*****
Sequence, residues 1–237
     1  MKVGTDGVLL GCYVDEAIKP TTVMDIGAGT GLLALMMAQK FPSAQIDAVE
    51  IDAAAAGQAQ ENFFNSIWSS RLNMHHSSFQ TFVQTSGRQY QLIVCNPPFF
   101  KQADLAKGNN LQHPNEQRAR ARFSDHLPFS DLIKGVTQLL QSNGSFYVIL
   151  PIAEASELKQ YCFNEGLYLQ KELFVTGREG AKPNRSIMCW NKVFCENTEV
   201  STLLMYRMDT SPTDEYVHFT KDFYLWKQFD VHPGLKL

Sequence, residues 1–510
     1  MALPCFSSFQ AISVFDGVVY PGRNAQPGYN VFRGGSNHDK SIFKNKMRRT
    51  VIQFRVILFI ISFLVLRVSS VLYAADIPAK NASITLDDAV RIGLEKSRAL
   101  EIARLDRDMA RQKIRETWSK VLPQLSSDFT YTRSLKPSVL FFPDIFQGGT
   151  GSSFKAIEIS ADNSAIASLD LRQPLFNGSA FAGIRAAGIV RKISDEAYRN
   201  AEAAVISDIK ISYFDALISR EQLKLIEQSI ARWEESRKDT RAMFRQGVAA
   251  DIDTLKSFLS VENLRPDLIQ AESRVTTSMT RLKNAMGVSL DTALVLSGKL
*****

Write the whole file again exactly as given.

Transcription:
Sequence, residues 1–237
     1  MKVGTDGVLL GCYVDEAIKP TTVMDIGAGT GLLALMMAQK FPSAQIDAVE
    51  IDAAAAGQAQ ENFFNSIWSS RLNMHHSSFQ TFVQTSGRQY QLIVCNPPFF
   101  KQADLAKGNN LQHPNEQRAR ARFSDHLPFS DLIKGVTQLL QSNGSFYVIL
   151  PIAEASELKQ YCFNEGLYLQ KELFVTGREG AKPNRSIMCW NKVFCENTEV
   201  STLLMYRMDT SPTDEYVHFT KDFYLWKQFD VHPGLKL

Sequence, residues 1–510
     1  MALPCFSSFQ AISVFDGVVY PGRNAQPGYN VFRGGSNHDK SIFKNKMRRT
    51  VIQFRVILFI ISFLVLRVSS VLYAADIPAK NASITLDDAV RIGLEKSRAL
   101  EIARLDRDMA RQKIRETWSK VLPQLSSDFT YTRSLKPSVL FFPDIFQGGT
   151  GSSFKAIEIS ADNSAIASLD LRQPLFNGSA FAGIRAAGIV RKISDEAYRN
   201  AEAAVISDIK ISYFDALISR EQLKLIEQSI ARWEESRKDT RAMFRQGVAA
   251  DIDTLKSFLS VENLRPDLIQ AESRVTTSMT RLKNAMGVSL DTALVLSGKL